While she generalized about the “lore” around her experience on the show, the former Euphoria star did take time to address one allegation that involved her supposedly walking off the show’s set. “I actually did not walk off set,” she said. “I sprained my ankle once and I had to go get an X-ray. Maybe that’s what they mean.”

She also spoke to the production conditions on the show, which she said involved “trying out a lot of things” in season one, which she found “so fun.” Describing it as an acting boot camp, Ferreira said there was no rehearsal period when shooting the pilot and the cast “was encouraged to not taking any acting classes.” That includes no working on scenes beforehand. “I think it works in that way because it is so real, and so personal. As soon as I found Kat as a character, it was super second nature to me.”

She added that it felt like the “best acting classes ever,” even as production stretched on season one from a planned five months to nine. “We thought it was gonna be shorter, so it just kept extending,” she added. “It was a long time, and season two is the same way. Now, they knew what kind of time they needed, but it was a lot of trying out things in season one.”

While discussing the events of the season two finale, Fez actor Angus Cloud told The Hollywood Reporter that the cast typically gets two or three scripts at a time, but on the finale script, things kept changing, and we “didn’t get the script until we were filming.” Fellow Euphoria star Jacob Elordi also shared that when it comes to filming, “what everyone’s seeing on television, the shots that people are talking about, the feelings that they get, the conversation that’s around the show, that’s because certain shots take 30-something takes.”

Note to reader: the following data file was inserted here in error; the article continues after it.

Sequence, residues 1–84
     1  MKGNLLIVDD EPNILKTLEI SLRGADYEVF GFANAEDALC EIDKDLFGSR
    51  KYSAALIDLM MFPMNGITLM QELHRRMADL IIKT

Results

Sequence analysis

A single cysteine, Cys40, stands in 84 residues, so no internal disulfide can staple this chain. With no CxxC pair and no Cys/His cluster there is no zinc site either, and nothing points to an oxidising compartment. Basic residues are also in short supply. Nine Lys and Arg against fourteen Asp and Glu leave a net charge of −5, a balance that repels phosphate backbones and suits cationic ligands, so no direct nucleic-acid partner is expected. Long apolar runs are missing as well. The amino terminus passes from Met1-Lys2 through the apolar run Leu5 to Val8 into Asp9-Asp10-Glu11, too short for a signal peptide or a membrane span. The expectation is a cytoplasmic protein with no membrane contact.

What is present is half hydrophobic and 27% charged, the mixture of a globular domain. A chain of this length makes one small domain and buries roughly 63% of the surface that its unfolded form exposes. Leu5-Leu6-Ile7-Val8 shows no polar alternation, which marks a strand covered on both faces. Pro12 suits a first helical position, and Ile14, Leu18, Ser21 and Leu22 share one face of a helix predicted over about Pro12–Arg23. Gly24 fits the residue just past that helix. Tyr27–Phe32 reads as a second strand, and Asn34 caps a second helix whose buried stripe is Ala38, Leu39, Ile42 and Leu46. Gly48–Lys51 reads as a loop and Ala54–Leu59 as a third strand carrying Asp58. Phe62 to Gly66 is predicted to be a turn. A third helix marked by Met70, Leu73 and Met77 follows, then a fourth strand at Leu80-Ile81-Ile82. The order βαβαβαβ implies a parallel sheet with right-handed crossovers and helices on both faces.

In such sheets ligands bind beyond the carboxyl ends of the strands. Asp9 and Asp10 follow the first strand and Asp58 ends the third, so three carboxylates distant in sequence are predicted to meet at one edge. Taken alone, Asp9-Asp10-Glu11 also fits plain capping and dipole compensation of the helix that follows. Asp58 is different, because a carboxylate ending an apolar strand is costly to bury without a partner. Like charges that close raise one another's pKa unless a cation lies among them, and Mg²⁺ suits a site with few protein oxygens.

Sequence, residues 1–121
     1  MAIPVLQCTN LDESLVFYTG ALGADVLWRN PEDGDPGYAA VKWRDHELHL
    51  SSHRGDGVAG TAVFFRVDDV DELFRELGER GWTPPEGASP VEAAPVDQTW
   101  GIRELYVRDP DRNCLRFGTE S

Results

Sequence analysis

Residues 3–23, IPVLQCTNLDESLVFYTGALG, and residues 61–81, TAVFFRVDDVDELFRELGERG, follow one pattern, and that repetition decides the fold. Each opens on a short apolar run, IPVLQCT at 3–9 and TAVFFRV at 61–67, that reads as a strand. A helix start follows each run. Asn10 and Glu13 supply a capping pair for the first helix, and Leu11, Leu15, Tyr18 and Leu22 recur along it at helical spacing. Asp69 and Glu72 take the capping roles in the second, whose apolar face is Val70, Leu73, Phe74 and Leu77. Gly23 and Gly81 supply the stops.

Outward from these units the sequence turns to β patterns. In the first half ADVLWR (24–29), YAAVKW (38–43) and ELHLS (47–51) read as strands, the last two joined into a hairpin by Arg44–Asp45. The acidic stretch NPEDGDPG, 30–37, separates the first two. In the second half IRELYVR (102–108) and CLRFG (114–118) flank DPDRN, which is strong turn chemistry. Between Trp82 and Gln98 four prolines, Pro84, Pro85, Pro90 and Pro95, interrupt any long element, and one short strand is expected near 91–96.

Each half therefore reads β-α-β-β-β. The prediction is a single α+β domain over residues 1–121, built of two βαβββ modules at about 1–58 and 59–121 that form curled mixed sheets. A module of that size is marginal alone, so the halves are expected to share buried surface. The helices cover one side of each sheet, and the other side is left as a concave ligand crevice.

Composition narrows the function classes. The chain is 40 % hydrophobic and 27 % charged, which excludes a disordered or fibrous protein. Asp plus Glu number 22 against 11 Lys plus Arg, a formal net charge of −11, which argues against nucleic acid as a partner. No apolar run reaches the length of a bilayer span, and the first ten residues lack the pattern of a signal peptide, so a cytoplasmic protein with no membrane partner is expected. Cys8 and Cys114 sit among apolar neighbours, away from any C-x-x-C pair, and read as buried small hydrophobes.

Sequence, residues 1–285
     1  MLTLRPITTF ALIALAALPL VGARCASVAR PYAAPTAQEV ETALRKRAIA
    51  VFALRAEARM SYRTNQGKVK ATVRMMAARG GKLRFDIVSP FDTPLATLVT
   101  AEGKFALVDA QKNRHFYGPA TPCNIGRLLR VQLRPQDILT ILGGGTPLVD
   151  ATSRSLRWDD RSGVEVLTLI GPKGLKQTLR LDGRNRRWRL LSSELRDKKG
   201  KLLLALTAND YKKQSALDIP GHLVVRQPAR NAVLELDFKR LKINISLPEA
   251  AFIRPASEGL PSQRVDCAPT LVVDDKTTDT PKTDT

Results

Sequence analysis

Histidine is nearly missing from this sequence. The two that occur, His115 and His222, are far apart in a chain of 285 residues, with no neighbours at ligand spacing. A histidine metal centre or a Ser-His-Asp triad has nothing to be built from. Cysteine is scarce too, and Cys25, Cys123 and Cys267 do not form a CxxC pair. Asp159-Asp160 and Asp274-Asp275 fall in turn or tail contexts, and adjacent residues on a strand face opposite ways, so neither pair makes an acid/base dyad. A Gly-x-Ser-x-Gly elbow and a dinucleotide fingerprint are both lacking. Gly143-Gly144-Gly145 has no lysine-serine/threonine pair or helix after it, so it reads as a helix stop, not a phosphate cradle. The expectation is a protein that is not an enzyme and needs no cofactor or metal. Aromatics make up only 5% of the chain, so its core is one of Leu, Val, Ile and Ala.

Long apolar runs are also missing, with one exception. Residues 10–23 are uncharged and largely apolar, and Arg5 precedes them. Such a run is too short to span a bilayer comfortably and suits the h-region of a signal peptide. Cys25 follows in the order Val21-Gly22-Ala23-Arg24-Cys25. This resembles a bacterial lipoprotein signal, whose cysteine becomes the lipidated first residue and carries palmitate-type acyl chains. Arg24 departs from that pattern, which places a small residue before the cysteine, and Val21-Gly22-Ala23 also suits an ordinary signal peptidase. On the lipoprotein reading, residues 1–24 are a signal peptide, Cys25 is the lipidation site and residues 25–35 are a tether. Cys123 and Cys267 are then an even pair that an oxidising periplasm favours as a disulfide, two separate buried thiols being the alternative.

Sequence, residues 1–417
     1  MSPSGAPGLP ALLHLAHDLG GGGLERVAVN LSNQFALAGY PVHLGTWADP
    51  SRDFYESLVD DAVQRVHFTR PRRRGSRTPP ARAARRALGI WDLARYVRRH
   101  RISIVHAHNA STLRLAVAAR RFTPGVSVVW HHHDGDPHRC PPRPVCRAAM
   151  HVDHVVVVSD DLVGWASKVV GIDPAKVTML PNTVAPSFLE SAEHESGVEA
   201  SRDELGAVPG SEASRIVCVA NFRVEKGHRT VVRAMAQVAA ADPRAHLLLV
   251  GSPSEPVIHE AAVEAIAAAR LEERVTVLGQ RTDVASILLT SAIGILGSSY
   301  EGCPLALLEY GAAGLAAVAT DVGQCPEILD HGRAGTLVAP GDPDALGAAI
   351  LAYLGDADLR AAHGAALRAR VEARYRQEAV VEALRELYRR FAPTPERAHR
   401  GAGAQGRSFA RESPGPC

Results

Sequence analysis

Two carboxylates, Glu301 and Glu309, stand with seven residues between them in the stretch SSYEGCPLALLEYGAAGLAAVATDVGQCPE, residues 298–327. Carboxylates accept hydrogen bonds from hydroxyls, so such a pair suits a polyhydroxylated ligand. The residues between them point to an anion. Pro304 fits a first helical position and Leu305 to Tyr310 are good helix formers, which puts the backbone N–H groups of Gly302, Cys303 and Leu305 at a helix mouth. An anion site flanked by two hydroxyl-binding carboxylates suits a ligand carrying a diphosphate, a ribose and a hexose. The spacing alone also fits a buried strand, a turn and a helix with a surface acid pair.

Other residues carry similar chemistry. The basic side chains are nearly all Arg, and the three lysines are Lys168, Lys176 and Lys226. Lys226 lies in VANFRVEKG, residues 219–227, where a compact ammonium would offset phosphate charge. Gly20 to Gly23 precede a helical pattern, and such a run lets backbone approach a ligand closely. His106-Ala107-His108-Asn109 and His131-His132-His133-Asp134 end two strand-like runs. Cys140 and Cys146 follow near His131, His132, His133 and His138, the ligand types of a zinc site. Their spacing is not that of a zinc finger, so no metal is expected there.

HBO previously defended the production following its season two finale amid a report of 18-hour days, along with the production failing to provide meals or allow bathroom trips on the set of the show. According to The Daily Beast, those allegations prompted “several complaints” made to SAG-AFTRA and a union representative visiting the L.A.-based set.

“The well-being of cast and crew on our productions is always a top priority,” the cabler said in a statement at the time. “The production was in full compliance with all safety guidelines and guild protocols. It’s not uncommon for drama series to have complex shoots, and COVID protocols add an additional layer. We maintain an open line of communication with all the guilds, including SAG-AFTRA. There were never any formal inquiries raised.”

The series has been renewed for a third season, with Emmy-winning star Zendaya telling THR of her hopes for the future of her character, Rue: “I think it’ll be exciting to explore the characters out of high school. I want to see what Rue looks like in her sobriety journey, how chaotic that might look.”